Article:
Seward, 'while I approve the measure, I suggest, sir, that you postpone its issue, until you can give it to the country supported by military success, instead of issuing it, as would be the case now, upon the greatest disasters of the war!'" Mr. Lincoln continued: "The wisdom of the view of the Secretary of State struck me with very great force. It was an aspect of the case that, in all my thought upon the subject, I had entirely overlooked. The result was that I put the draft of the proclamation aside, as you do your sketch for a picture, waiting for a victory. From time to time I added or changed a line, touching it up here and there, anxiously watching the progress of events. Well, the next news we had was of Pope's disaster, at Bull Run. Things looked darker than ever. Finally, came the week of the battle of Antietam. I determined to wait no longer. The news came, I think, on Wednesday, that the advantage was on our side. I was then staying at the Soldiers' Home, (three miles out of Washington.) Here I finished writing the second draft of the preliminary proclamation; came up on Saturday; called the Cabinet together to bear it, and it was published the following Monday."
CARPENTER, Six Months at the White House with Abraham Lincoln.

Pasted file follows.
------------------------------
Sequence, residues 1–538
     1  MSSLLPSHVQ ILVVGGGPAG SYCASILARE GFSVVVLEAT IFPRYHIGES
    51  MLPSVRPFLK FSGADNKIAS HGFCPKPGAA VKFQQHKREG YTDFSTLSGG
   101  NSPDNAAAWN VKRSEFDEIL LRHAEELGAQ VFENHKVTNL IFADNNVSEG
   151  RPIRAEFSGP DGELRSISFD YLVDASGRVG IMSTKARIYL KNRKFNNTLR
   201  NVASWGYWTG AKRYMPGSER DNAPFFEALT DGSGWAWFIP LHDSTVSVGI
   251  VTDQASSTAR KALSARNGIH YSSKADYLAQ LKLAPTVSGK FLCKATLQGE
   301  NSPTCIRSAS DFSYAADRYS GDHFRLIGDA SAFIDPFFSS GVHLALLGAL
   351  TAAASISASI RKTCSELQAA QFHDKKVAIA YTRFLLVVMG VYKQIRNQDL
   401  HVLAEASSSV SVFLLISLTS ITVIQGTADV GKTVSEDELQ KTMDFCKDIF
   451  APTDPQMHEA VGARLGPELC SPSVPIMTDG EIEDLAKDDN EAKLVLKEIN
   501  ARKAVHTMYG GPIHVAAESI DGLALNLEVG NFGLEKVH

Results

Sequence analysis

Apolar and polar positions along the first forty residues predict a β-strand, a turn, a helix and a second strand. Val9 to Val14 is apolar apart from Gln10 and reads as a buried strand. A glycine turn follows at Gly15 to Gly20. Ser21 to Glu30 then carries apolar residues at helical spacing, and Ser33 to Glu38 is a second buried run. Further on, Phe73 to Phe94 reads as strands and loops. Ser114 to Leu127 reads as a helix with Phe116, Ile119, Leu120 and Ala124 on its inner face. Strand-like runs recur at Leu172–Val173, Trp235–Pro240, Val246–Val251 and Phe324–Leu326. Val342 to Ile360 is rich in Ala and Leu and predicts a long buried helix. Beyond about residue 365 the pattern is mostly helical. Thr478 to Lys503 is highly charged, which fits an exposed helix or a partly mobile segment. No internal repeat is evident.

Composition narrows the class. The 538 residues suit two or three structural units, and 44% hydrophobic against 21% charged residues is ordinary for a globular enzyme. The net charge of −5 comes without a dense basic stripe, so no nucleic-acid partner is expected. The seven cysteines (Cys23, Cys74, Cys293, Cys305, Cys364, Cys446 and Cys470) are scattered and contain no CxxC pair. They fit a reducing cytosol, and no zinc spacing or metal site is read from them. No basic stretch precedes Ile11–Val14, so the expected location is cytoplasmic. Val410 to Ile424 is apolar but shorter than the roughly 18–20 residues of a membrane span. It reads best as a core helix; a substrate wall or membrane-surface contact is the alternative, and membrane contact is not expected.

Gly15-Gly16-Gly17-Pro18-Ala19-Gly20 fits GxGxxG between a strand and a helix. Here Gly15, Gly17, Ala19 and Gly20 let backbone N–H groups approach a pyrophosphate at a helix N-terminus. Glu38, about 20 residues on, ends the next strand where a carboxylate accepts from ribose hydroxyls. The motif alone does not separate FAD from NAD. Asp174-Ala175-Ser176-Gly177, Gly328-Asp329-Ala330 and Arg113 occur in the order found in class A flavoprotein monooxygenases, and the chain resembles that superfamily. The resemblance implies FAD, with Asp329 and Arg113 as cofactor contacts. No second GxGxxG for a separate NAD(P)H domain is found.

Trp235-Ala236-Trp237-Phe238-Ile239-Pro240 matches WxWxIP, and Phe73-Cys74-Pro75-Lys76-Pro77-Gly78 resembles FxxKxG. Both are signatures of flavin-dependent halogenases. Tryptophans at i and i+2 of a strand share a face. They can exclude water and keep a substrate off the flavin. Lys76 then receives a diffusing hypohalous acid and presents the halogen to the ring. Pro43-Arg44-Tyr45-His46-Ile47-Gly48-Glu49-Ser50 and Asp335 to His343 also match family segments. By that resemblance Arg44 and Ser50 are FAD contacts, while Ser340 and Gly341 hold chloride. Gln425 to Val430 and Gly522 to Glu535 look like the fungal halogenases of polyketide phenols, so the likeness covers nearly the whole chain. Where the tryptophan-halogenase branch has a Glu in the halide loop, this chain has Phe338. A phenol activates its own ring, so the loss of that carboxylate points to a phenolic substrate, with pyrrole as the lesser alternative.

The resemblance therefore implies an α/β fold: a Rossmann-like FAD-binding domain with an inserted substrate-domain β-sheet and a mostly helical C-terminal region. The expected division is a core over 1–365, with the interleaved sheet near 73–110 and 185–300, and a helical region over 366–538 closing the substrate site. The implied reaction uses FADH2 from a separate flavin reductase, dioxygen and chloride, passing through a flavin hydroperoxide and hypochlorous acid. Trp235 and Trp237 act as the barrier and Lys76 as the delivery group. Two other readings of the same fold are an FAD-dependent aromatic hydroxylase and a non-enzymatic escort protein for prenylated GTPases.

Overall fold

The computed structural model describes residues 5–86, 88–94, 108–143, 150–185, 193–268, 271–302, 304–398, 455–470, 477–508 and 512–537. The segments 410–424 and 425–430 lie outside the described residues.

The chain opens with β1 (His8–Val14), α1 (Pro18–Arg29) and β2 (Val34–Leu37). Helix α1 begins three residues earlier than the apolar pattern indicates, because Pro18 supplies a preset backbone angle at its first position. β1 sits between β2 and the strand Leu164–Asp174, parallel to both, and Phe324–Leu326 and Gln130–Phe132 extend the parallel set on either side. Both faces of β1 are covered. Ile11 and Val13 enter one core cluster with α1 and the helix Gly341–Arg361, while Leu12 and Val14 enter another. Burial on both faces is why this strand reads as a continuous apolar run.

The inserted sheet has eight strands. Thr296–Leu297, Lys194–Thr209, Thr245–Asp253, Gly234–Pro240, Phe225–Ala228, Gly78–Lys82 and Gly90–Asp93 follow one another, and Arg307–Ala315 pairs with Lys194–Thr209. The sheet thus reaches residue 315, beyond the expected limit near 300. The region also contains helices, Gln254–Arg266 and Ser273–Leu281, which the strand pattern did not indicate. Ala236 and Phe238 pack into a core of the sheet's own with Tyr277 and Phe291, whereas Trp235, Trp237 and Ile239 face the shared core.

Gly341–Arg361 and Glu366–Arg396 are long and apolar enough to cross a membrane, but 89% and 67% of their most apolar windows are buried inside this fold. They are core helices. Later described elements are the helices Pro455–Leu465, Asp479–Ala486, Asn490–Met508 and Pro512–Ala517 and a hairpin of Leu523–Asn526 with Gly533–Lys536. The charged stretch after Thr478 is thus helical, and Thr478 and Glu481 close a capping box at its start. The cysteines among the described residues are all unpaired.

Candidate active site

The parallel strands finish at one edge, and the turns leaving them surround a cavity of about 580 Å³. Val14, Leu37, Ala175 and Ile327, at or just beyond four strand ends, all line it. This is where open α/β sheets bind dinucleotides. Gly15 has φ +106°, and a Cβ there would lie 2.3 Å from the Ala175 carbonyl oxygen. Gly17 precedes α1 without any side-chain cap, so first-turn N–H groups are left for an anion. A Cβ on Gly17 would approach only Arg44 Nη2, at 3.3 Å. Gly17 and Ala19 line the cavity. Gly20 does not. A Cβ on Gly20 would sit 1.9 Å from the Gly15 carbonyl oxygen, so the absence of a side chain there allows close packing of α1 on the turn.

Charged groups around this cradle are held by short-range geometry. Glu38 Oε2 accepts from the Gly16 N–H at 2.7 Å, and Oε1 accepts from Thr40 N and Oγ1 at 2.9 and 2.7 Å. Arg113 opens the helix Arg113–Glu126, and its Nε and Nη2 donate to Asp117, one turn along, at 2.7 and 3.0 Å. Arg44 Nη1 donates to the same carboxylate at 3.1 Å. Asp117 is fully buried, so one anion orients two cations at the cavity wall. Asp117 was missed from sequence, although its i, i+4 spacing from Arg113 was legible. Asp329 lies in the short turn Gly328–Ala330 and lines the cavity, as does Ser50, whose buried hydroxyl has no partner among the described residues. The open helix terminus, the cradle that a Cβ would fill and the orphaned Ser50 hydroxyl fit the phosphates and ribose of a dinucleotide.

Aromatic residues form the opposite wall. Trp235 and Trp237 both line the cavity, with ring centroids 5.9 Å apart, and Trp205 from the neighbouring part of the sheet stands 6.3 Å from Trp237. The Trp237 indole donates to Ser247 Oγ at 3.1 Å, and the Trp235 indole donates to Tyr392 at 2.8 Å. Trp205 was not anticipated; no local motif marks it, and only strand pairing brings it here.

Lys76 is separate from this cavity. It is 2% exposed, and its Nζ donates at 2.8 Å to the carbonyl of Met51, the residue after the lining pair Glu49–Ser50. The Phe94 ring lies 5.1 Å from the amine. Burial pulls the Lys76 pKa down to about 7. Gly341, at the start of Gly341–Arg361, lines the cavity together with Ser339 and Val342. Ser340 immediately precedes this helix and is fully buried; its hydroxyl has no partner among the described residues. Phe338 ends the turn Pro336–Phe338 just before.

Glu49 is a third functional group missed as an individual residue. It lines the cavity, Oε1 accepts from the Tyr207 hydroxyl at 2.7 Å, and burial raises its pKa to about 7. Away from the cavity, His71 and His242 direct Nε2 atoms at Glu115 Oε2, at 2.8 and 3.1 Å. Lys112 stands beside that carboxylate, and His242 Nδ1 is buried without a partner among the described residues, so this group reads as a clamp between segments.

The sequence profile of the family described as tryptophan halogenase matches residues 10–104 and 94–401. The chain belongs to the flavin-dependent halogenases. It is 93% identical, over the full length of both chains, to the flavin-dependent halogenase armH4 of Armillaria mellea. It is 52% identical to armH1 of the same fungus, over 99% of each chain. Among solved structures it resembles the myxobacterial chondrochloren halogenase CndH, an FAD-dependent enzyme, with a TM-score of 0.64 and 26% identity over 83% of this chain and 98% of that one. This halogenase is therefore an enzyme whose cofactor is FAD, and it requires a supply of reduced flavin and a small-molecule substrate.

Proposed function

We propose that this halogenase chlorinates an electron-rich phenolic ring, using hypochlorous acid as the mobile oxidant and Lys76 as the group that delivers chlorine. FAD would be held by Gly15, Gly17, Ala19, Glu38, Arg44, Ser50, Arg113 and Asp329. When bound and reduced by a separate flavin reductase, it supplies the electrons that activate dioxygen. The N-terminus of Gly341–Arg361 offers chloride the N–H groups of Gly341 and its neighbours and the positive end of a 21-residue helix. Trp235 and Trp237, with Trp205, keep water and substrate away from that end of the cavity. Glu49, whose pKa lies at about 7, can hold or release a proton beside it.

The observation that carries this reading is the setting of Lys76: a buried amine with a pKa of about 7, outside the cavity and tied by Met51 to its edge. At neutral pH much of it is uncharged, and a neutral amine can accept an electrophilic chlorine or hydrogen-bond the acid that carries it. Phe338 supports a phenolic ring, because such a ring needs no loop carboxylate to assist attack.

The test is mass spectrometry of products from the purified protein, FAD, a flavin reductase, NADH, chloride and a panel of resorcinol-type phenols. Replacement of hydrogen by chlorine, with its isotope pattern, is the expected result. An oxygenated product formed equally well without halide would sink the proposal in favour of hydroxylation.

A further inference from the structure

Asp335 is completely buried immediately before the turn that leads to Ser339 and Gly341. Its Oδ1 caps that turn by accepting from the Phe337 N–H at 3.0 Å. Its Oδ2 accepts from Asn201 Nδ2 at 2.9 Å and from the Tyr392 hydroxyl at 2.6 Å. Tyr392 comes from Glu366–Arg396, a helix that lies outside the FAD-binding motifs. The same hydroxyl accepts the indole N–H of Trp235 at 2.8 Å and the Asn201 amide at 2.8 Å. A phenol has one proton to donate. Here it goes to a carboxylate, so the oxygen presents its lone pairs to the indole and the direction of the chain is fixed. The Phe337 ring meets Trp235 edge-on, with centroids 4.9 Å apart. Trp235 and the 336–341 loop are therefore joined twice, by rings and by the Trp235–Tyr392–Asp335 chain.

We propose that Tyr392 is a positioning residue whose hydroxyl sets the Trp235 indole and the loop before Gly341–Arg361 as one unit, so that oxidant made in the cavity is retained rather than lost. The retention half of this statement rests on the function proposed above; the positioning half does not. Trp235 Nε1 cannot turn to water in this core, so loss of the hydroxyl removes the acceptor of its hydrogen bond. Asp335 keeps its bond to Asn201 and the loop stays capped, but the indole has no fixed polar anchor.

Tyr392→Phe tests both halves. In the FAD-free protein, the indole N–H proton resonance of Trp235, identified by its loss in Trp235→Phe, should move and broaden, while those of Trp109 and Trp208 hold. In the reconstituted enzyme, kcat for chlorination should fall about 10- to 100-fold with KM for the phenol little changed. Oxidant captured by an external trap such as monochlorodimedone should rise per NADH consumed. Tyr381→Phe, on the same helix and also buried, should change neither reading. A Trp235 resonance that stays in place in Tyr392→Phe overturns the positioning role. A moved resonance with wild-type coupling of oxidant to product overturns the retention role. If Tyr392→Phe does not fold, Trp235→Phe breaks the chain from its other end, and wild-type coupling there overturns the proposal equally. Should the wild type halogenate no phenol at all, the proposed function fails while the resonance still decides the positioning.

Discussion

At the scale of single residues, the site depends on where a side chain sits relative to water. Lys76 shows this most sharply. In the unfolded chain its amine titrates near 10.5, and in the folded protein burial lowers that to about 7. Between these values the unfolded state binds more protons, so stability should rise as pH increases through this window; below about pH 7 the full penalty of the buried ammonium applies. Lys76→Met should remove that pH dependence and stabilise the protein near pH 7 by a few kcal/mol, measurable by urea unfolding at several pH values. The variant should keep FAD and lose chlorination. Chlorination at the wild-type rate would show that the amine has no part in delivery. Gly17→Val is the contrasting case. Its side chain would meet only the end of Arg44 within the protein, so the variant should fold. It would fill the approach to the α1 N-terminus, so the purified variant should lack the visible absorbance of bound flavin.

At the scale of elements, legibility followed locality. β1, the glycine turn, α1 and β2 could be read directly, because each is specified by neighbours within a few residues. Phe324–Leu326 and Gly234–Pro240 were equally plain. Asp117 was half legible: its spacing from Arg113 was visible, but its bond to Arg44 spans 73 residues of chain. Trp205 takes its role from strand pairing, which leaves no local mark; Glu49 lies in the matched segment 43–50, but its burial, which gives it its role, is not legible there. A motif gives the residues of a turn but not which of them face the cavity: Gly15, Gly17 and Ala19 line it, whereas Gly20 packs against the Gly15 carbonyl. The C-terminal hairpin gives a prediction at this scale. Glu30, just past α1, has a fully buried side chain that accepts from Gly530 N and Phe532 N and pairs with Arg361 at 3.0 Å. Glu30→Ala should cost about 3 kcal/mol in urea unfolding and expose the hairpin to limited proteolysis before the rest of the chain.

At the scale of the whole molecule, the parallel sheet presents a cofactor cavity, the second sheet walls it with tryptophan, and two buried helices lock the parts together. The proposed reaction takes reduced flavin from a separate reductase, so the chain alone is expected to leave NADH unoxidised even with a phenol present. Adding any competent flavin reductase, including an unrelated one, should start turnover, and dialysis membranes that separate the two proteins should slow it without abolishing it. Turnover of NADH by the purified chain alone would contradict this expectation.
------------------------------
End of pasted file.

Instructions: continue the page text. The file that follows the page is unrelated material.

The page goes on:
The letter from Lincoln to the actor Hackett, given below, reflects Lincoln's deep interest in Shakespeare.
Some of Shakespeare's plays I have never read; while others I have gone over perhaps as frequently as any unprofessional reader. Among the latter are "Lear," "Richard III.," "Henry VIII.," "Hamlet," and especially "Macbeth." I think nothing equals "Macbeth." It is wonderful.
Unlike you gentlemen of the profession, I think the soliloquy in " Hamlet" commencing "Oh, my offense is rank," surpasses that commencing "To be or not to be." But pardon this small attempt at criticism. I should like to hear you pronounce the opening speech of Richard III. Will you not soon visit Washington again? If you do, please call and let me make your personal acquaintance.
LINCOLN TO HACKETT, AUGUST 17, 1863.
Thanksgiving was first celebrated by the settlers at Plymouth in the Massachusetts colony in 1621 under the leadership of Governor William Bradford. Washington and Madison each issued a Thanksgiving proclamation once during their Presidencies. It was not until 1863, however, when Lincoln issued his Thanksgiving Day Proclamation that the holiday was established as a national annual event, occurring on the last